Friday, September 07, 2007

iPhone debriefing

Apple CEO Steve Jobs wrote an open letter to iPhone early-adopters today adamantly defending his company's decision to drop the price on iPhone by a third, or $200, after just two months. Although he believed the price drop was the correct thing to do, Jobs recognized that Apple underestimated the effect it had in jeopardizing the trust of its first million iPhone customers. To reassure them, he will be issuing a $100 store credit, single-handedly creating 100 million in consumer surplus.


By yesterday morning, I had already come to terms with my very late early adoption. While I originally got the iPhone on launch day, I returned it two week later, only to buy it back once a screenshot of Vim running on the iPhone was posted. As a huge Apple fan, I'll admit I was willing to pay even more for the iPhone and wished to be mature and take responsibility for my actions. Luckily and despite my previous misgivings, iPhone has not ceased to delight me. You may think that it's all cognitive dissonance and I will not defend against that accusation. I do, however, feel like the signs of the price drop were all there by the time Steve Jobs made the announcement on Wednesday.

I knew it! (not really)

First of all, after all the pent up demand, Apple's first full month of sales only exceeded their 2008 target of 1% mobile phone market share by 80%. They would have a really hard time sustaining that $600 demand for 18 months. Second, Apple has decided to implement subscription accounting (is that what they called it) for the iPhone since they're receiving monthly payments from AT&T in return for the exclusivity in the US market. That means they'll be recognizing the revenue of iPhone over the two-year service contract.

If Apple intends to sell 10 million iPhones in 2008, that'd be an average of 833[,333] a month. Even if they receive a generous 10% of AT&T revenues of $60 per line month, it comes out to be an average of $60,000* each month for two years. It'd be a stretch to also recognize the hardware revenue monthly at $500,000, or [up to ] three times the [profits from ]subscription revenue. Finally, we're all used to subsidies by mobile phone service providers with 2-year service contracts. Prices fall sharply and may not reflect the actual cost of the hardware and volumes matter a lot. Apple fans quoted Motorola's RAZR's similarly high intial selling price to justify our purchases but forgot about how fast it became virtually free with service contract. Yes, hind sight is 20/20, but I hope this was an interesting exercise.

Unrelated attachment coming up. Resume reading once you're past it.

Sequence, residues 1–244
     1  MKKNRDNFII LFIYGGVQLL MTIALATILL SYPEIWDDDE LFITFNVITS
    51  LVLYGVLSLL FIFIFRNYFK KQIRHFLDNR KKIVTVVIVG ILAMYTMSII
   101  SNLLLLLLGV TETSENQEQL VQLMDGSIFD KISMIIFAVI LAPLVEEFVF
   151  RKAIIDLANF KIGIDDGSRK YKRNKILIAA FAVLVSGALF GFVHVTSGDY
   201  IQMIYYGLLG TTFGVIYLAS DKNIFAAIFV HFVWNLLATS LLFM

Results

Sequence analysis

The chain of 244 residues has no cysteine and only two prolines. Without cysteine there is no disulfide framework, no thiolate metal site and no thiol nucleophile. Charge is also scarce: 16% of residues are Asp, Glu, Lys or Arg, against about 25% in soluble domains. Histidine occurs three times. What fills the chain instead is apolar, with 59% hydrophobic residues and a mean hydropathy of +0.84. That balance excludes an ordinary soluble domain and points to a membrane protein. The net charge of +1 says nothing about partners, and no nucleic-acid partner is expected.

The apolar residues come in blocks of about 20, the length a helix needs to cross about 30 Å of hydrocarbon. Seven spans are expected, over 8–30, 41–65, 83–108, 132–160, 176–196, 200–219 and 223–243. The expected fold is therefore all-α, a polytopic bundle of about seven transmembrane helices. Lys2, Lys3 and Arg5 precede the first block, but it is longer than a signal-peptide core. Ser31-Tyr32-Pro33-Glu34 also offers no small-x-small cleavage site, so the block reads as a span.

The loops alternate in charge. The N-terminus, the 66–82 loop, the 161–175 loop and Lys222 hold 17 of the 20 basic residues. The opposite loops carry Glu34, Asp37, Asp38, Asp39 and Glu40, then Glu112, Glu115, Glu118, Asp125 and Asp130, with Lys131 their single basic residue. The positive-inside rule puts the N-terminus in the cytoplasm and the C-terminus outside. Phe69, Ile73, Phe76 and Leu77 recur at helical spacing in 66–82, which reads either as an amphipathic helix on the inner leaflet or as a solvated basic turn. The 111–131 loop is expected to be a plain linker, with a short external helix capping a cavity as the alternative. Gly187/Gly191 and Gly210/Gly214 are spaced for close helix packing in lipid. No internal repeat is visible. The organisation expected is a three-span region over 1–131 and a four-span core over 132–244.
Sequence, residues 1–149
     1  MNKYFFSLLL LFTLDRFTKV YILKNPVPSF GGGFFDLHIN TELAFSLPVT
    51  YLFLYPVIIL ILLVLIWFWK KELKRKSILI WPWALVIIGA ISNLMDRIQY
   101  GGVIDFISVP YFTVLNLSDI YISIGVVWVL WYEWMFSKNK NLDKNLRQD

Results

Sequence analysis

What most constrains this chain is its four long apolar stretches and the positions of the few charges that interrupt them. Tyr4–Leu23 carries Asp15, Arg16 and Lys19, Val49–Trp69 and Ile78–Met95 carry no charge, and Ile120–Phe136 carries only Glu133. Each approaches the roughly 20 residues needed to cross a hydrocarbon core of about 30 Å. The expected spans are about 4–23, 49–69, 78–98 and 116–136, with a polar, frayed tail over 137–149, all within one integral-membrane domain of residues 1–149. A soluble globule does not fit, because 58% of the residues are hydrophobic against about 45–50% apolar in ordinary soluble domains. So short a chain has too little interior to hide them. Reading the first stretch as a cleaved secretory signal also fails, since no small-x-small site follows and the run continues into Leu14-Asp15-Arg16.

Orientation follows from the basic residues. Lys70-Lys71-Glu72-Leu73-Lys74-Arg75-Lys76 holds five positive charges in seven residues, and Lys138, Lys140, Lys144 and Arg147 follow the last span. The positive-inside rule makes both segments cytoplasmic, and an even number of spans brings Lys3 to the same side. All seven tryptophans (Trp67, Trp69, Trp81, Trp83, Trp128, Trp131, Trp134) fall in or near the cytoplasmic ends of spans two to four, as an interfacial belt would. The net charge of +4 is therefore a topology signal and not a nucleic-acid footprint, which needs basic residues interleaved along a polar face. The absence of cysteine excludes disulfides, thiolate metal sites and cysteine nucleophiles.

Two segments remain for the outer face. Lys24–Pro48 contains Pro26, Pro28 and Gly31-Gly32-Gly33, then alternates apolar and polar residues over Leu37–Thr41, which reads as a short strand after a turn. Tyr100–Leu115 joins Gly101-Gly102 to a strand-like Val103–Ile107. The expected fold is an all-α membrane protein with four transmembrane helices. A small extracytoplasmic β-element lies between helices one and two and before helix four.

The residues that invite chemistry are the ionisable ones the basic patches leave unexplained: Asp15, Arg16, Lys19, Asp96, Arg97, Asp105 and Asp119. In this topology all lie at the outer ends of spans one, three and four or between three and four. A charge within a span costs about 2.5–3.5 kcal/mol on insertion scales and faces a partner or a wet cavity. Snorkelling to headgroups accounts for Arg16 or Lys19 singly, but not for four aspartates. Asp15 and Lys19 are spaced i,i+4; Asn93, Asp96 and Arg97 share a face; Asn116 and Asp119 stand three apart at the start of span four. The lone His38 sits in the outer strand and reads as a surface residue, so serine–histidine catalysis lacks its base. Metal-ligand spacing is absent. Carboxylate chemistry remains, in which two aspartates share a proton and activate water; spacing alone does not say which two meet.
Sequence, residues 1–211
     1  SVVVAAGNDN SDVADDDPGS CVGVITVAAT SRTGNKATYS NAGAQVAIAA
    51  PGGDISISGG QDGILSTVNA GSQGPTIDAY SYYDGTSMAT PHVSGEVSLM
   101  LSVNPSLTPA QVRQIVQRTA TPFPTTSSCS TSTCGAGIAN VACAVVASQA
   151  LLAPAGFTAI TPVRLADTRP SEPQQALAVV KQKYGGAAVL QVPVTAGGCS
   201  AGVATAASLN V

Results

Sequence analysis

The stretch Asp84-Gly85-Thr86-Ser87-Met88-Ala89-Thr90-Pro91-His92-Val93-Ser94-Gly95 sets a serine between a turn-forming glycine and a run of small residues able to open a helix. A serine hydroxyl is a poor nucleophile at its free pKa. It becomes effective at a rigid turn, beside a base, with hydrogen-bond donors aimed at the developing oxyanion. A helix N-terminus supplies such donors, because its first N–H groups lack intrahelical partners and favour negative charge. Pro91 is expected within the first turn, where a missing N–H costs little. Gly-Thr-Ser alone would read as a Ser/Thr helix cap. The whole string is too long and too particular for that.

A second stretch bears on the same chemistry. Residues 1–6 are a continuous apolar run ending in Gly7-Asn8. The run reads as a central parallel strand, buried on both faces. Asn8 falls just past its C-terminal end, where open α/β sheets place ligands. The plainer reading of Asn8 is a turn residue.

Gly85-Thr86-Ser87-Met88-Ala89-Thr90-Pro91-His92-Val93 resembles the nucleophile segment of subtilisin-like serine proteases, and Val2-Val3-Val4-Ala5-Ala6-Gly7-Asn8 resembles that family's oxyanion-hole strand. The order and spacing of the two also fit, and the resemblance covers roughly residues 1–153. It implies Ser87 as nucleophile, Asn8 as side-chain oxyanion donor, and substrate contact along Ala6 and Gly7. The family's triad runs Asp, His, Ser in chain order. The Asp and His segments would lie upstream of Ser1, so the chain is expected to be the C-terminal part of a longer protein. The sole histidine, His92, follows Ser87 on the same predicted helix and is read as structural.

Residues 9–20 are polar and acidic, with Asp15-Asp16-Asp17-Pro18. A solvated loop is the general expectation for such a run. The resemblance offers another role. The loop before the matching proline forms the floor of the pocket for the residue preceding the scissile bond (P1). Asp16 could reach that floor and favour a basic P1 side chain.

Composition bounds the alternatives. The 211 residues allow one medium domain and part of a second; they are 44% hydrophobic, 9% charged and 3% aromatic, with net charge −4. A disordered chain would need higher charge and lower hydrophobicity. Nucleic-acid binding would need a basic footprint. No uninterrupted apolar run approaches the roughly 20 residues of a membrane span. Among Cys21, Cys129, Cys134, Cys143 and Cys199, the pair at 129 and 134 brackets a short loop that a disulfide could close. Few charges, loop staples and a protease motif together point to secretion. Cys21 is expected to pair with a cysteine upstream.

Wait at your own risk

One thing that's nice to keep is your conviction in times of difficulty. One rule I've preached is to buy Apple hardware day one to maximize your value against obsoletion. I practiced what I preached, but to my detriment broke the rule eight weeks later on the trust that Apple wouldn't screw their customers that badly (i.e. within a quarter). This was the same belief I held when I thought they couldn't possibly release another iPhone within a year of the first generation possibly sporting a broadband wireless modem (UMTS/WiMAX?). That's the very trust that Mr. Jobs rightly seeks to maintain.

As a brief summary of what currently delights me about the iPhone asides from its fantastic exposition of functionality, check out (if you haven't already) or iBrickr. They are a testament to the current state of native application development for OS X on iPod (iPhone and iPod touch).

SOURCES: iPhone margins, iPhone July sales, Apple Q3 Earnings Conference Call (6:11")

*(10,000,000 units / year or 12 months x 10% share x $60 service charge) x average monthly revenue taken over lifetime of 24-month contract (1 + 2 + ... + 24) / 24 months = $60,000

UPDATED (9/19/2007 00:44 EDT):

I was off by a factor of 1000. Instead of average monthly payment from AT&T being generously estimated at 60,000, it should be over 60,000,000. Thankfully, nobody actually read this (yet)! I'll try to fix it.

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